Borrow checker with GC fallback?

GC incurs some overhead. It’d be nice if we don’t have to GC everything. In some cases, we can detect exactly when the memory needs to be freed at compile time. If so, would it be a good idea? Julia is a language that wants to have a cake and eat it too.

we already do this for everything except arrays, although the analysis isn’t interprocederal so it can miss some “obvious” cases


I don’t think we do?

We do SROA, i.e. scalar-replacement-of-aggregates, and the scalar replacement lives in registers and maybe spills to the stack.

Afaiu we never do stack-alloc, where we know that the lifetime is bounded by the stackframe and we allocate a fully formed object on the stack (please correct me if if I’m wrong or this changed!).

Afaiu we don’t do eager deterministic de-alloc, i.e. the compiler never generates a matching free to the malloc / ijl_gc_pool_alloc.

An example is the following:

julia> @noinline g(r) = (r[] += 1);
julia> f(i)=begin r = Ref(i); g(r); r[] end

In a perfect world, g would have inferred effects that imply that r doesn’t leak. But we requested the function @noinline, so we cannot use scalar replacement.

So f could place the Ref on the stack instead of the heap; but it would still require an object header.

Or f could allocate the Ref on the heap, using jl_gc_pool_alloc and then free it upon return from g. But we don’t do that. (we are already paying the price of expensive allocations for non-compacting GC; might as well reap the benefits of opportunistic early free)

Related Feature request: unsafe_free!

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See the example I gave here:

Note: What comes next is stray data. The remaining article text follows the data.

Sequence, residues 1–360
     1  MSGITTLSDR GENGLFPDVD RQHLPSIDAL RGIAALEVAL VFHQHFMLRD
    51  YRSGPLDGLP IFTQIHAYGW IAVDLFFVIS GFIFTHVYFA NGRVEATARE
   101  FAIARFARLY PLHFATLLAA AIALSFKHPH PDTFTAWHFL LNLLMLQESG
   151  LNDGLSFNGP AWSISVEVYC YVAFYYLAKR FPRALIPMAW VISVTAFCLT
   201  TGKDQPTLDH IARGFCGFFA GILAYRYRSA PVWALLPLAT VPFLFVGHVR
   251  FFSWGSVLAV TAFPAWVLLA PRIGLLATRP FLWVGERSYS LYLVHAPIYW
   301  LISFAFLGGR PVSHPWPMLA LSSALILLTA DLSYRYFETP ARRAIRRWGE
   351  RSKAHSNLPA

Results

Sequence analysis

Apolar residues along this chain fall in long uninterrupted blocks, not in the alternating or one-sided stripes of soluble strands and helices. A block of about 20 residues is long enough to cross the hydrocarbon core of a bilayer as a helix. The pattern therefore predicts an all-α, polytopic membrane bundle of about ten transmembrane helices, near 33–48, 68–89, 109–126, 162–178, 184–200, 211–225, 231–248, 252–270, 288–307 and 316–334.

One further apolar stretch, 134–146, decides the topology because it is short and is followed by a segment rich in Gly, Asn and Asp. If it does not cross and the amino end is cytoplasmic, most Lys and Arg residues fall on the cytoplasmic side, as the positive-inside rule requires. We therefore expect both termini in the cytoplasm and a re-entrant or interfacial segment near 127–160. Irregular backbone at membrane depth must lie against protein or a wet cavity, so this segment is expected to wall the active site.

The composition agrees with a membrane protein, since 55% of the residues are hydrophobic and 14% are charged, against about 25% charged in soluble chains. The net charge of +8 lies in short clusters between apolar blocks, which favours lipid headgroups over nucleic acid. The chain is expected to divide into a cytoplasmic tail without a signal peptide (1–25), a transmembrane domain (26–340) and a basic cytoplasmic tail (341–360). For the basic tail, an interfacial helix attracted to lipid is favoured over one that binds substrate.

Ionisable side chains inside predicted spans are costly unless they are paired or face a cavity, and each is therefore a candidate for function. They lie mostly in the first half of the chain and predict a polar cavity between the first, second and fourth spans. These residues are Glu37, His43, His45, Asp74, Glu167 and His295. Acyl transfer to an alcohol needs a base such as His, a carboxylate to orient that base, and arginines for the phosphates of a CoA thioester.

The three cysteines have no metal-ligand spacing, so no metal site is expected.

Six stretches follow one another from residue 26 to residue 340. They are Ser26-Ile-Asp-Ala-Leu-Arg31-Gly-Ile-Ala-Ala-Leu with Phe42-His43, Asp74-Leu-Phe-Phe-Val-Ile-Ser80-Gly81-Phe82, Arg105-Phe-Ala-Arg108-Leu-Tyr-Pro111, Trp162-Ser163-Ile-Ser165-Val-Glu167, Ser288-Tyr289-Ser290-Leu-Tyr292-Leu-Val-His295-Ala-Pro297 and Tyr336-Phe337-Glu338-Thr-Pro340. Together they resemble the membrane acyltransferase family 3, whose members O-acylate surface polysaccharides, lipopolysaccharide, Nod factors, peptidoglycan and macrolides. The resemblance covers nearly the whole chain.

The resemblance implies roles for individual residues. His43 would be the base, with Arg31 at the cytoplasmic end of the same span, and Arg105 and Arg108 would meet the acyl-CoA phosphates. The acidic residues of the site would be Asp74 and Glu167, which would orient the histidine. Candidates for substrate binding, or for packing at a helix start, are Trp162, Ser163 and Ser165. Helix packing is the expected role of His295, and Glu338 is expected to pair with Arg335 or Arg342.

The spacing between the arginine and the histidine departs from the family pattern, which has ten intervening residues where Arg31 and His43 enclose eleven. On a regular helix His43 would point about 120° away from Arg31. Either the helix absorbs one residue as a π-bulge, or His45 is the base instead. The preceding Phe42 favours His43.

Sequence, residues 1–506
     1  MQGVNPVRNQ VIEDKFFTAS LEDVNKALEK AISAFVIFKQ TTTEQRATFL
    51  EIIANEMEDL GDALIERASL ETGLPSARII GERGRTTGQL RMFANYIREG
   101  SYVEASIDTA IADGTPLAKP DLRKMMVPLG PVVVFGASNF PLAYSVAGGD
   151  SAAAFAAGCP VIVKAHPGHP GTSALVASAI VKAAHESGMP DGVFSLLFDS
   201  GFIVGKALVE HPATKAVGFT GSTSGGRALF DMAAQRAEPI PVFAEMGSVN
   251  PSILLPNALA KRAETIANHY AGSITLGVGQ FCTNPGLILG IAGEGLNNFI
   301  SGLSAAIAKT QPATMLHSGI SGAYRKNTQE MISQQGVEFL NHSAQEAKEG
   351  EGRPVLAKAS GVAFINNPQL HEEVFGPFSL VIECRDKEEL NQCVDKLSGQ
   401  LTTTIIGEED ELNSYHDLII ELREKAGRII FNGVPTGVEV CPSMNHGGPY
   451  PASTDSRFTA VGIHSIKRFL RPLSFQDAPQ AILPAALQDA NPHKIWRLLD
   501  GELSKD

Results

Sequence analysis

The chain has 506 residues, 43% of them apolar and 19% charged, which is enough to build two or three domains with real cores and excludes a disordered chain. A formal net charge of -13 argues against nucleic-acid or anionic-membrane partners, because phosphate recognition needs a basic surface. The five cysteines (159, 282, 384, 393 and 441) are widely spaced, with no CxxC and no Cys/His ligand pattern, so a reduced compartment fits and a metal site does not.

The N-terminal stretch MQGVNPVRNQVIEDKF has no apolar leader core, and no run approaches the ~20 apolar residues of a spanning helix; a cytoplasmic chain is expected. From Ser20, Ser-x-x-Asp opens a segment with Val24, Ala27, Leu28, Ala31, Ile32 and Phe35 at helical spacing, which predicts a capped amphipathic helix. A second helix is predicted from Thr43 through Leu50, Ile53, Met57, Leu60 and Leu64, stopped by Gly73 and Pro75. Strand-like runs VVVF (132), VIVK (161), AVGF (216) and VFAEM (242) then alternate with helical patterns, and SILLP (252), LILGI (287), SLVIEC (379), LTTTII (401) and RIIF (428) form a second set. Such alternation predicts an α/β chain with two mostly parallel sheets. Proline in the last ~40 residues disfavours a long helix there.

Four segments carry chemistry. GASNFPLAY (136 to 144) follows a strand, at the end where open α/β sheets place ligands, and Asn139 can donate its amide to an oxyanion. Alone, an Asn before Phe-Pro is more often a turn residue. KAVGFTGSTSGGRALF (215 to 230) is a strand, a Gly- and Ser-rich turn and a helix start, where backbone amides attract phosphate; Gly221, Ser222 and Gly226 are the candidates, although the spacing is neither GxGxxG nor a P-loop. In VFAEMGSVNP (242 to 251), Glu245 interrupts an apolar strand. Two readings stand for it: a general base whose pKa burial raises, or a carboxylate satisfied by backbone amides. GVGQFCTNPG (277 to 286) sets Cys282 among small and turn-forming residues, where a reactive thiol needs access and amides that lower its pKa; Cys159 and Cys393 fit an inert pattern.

We have a pass llvm-alloc-opt that moves object from the heap to the stack. When we do this we eliminate the object, this leads to some limitations.

Firstly we don’t allocate a tag anymore so this also requires us to be able to “see” and thus forward all calls to typeof.

Furthermore the pass is function local (llvm) and does not take account IPO derived information. We have an IPO escape analysis but it has been challenging to wire up and add that IPO information to the LLVM pass.

One of the capabilities that we are missing is to allocate a full Julia object on the stack (including the tag) and have the GC understand this. This should be doable, but handling write barriers is a bit annoying.

We must guarantee that an alloca address is not escaped. If we have a write barrier and the parent is stack allocated we might accidentally push the address into the remset.

In order to handle that we would need to use one of the age/GC bits to represent “always young”/“ephemeral”.

So in order to level up escape analysis we need to improve the GC/runtime first.